HPD chief speaks to council on crime

Evans claims there is a “schism” between the HPD and Vance County Sheriff’s Office

According to Henderson City Manager Ray Griffin, it was determined that the best opportunity to hold a meeting of the Henderson City Council’s Public Safety Committee was during yesterday’s council work session.

Member Lonnie Davis, who is the chair of that committee, said that the idea behind the meeting is for the council to figure out a way to instill into people that [the council] is here for them. He also said that the council wants to create an air where people “have a certain amount of respect for police.

“That, of course, works both ways,” Davis added.

Henderson Police Chief Keith Sidwell began his remarks to the council by noting that in 2008, there were three homicides in Henderson, and that his department had a 100% clearance rate on those crimes.

“Clearance” is achieved when an investigation is concluded, usually with an arrest.

The chief went on to say that the national clearance rate for homicides in 2008 was 68%.

In 2009, there have been four homicides in Henderson. So far, the clearance rate has been 75%, but only because one investigation is still ongoing, Sidwell said. He said that he expects to reach 100% clearance this year as well.

Sidwell told council members that the community has to work with the police department and the police department has to work with the community. He said that he has had meetings with many community stakeholders including landlords and property managers, judges, and the district attorney, and that all want to move forward to a positive resolution.

The chief said that people afraid of retribution or who believe that the court system is not working make it “challenging”. To the former, Sidwell said he has taken great pains to minimize citizen involvement by making sure that complainants are anonymous on 911 and by deploying the 800 MHz VIPER radios that require special and expensive equipment to monitor.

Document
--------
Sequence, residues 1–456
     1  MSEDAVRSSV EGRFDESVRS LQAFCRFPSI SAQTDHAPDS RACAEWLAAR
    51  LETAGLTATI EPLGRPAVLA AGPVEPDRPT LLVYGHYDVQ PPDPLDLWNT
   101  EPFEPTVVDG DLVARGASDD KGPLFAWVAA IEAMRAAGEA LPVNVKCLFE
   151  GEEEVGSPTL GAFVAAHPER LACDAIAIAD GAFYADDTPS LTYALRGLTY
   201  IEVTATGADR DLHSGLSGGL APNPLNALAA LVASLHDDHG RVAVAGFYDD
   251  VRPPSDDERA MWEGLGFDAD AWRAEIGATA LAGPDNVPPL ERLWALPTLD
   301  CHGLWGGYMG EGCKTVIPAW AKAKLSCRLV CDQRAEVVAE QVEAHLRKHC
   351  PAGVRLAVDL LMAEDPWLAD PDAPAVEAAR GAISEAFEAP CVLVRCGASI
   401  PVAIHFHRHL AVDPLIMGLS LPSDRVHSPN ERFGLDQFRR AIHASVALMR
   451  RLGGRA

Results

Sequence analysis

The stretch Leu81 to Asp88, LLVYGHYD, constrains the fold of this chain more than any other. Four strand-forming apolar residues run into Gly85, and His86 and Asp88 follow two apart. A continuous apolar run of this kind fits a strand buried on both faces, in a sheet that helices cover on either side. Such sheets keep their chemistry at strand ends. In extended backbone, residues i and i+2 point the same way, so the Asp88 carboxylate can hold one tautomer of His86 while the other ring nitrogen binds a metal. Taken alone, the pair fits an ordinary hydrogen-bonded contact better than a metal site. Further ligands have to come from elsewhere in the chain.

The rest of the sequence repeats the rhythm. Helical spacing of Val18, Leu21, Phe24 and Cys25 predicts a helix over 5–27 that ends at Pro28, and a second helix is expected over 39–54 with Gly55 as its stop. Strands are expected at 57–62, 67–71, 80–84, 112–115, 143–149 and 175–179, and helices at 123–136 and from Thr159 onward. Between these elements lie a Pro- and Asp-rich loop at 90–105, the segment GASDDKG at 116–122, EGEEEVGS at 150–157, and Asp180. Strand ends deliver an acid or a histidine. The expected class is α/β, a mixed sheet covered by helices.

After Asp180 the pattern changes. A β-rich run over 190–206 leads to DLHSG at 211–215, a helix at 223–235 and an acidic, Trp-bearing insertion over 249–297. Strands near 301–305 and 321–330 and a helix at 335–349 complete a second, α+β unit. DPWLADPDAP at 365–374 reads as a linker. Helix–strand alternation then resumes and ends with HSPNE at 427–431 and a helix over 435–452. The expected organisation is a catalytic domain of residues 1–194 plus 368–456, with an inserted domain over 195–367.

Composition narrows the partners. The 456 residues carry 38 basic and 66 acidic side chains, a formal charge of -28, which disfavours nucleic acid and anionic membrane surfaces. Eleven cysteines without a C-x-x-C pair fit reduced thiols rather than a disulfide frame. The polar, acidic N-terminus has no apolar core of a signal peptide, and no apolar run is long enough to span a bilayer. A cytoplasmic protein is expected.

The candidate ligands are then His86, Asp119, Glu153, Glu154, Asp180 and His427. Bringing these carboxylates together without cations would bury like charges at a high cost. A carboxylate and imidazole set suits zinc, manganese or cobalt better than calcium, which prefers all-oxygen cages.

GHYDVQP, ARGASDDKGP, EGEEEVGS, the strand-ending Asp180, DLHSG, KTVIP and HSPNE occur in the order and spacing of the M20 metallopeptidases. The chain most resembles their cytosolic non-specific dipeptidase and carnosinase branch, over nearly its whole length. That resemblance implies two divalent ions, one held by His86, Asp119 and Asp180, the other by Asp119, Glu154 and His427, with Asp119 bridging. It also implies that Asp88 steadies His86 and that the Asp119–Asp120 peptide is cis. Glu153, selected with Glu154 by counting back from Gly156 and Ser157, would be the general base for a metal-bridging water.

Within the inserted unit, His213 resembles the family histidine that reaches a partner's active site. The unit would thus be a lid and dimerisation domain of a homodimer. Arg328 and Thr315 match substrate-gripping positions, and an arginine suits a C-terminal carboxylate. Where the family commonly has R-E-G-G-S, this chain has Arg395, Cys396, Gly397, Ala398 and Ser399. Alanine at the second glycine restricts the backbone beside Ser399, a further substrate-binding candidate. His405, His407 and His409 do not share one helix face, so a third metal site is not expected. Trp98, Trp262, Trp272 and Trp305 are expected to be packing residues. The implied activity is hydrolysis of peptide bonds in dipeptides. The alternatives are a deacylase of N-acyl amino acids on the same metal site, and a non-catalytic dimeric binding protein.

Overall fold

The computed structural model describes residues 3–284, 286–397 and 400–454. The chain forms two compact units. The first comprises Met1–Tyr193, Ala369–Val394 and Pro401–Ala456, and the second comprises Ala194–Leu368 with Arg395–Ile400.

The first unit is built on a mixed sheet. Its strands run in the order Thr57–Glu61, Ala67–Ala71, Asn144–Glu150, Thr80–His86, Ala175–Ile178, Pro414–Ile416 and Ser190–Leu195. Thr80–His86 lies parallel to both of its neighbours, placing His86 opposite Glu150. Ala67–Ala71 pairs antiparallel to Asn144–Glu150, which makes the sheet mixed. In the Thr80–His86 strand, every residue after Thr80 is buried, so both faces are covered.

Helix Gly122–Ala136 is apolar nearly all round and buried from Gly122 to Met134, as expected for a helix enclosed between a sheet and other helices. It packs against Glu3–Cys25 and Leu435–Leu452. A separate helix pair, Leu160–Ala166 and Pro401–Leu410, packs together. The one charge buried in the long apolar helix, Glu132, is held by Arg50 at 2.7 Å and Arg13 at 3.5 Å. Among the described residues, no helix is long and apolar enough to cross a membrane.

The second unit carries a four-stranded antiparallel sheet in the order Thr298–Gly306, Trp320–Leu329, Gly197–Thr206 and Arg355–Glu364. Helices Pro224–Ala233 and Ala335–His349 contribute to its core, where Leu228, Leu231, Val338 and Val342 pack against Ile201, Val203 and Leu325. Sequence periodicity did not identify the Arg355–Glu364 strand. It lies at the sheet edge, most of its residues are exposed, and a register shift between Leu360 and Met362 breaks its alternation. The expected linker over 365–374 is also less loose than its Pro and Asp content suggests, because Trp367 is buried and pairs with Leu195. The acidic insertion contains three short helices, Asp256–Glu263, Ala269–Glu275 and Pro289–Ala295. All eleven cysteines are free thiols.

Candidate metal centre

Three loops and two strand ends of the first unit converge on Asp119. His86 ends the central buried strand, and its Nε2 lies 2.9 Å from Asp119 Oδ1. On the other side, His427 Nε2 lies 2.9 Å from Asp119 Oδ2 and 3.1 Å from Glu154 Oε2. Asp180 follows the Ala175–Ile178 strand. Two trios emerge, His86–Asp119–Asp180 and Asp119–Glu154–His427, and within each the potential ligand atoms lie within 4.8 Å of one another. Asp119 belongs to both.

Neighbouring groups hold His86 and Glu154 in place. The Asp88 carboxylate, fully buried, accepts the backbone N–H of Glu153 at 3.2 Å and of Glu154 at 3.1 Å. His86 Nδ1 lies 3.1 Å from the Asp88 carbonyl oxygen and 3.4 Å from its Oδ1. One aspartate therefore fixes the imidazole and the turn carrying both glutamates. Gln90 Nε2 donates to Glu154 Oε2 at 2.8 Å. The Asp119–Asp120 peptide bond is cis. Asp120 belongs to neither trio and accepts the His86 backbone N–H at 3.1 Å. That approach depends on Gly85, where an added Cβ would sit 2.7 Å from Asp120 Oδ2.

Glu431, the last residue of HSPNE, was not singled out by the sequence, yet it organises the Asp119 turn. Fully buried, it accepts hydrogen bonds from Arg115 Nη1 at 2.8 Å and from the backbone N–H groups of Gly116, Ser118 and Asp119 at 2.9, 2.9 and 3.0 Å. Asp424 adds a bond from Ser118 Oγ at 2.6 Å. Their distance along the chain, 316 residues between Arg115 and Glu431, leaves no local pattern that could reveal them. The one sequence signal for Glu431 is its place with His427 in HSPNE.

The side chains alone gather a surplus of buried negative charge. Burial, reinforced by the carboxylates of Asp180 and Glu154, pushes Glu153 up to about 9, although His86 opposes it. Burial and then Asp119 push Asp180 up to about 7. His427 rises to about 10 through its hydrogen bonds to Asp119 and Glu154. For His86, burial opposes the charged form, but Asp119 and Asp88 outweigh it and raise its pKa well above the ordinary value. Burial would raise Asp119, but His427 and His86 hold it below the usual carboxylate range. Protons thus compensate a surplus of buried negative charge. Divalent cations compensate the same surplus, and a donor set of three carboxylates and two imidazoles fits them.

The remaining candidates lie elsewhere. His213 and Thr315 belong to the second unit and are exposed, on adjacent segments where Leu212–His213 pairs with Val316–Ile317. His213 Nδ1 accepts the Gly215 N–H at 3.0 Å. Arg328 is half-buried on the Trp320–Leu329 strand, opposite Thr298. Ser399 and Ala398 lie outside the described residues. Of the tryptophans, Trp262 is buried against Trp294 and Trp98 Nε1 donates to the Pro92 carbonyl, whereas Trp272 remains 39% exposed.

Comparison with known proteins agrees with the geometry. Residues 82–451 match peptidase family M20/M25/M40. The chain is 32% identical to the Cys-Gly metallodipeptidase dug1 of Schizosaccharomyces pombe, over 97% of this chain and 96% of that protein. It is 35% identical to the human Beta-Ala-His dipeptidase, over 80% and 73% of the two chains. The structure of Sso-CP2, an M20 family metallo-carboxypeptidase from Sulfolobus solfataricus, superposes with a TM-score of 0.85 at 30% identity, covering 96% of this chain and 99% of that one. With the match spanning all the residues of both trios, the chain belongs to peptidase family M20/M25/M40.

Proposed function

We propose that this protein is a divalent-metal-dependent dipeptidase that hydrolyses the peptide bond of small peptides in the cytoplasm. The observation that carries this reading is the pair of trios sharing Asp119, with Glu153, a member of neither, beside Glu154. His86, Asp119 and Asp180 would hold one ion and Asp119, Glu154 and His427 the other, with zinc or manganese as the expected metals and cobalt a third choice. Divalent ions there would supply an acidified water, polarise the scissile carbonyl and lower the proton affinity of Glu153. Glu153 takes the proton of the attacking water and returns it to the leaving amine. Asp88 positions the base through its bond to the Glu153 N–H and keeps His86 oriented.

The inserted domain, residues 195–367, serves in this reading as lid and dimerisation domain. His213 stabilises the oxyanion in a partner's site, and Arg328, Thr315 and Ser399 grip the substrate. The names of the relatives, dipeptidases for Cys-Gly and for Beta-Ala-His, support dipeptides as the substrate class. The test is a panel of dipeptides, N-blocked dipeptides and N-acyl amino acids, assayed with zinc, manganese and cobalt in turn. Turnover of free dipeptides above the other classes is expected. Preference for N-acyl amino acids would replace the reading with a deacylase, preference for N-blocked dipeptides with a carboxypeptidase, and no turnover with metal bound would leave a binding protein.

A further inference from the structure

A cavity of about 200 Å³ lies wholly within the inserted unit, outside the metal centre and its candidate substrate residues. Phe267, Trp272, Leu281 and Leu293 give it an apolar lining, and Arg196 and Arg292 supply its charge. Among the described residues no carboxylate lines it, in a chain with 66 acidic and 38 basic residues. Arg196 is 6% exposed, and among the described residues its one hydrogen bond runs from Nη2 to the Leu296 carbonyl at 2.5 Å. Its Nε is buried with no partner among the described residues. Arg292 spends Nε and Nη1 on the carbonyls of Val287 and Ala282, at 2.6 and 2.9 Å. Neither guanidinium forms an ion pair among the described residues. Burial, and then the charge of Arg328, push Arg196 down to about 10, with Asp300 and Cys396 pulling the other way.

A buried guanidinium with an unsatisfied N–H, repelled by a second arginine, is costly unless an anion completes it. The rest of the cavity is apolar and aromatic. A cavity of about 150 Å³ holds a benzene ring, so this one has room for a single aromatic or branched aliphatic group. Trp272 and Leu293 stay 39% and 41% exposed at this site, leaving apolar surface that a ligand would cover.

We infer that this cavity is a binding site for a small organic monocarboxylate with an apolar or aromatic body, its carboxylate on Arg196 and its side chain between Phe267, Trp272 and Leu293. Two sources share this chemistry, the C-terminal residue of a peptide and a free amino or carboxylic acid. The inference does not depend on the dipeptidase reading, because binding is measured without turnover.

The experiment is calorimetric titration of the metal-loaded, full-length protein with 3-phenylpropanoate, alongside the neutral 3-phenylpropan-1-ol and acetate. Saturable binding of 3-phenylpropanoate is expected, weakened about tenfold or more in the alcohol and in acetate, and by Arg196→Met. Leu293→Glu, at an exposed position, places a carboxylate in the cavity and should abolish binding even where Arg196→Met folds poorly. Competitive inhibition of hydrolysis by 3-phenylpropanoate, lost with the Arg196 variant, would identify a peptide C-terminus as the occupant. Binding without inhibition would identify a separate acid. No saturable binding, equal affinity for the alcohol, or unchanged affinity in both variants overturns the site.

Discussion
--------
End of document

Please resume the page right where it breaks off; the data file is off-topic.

Sidwell said that there are “detractors” who use words like “racism” and “harassment” before the council. He said that those words are meant to inflame, not inform. He told the council that when someone comes in to complain about the police department, they are only hearing one side of the story.

On August 24, 2009, Theodous Bryant came before the council to complain about alleged abuses by a member of the Henderson Police Department. He was accompanied by activist Rev. C.J. Dale. After comments by Bryant and Dale, several council members reacted sympathetically to Bryant’s story without input from the department.

“Every complaint that comes through our department is aggressively investigated,” Sidwell said. “I will only tolerate good officers.”

Sidwell described himself in dealing with internal matters as having “a fair but heavy hand.”

He said that the detractors he alluded to should “pick a side”, quit trying to divide the community and pull it together.

Member Mike Rainey asked what a citizen’s recourse is if they do not like the result of a police internal investigation. Sidwell replied that there is recourse to the courts if one believes that criminal behavior has occurred, the district attorney, or the attorney general. He also said that there is civil court.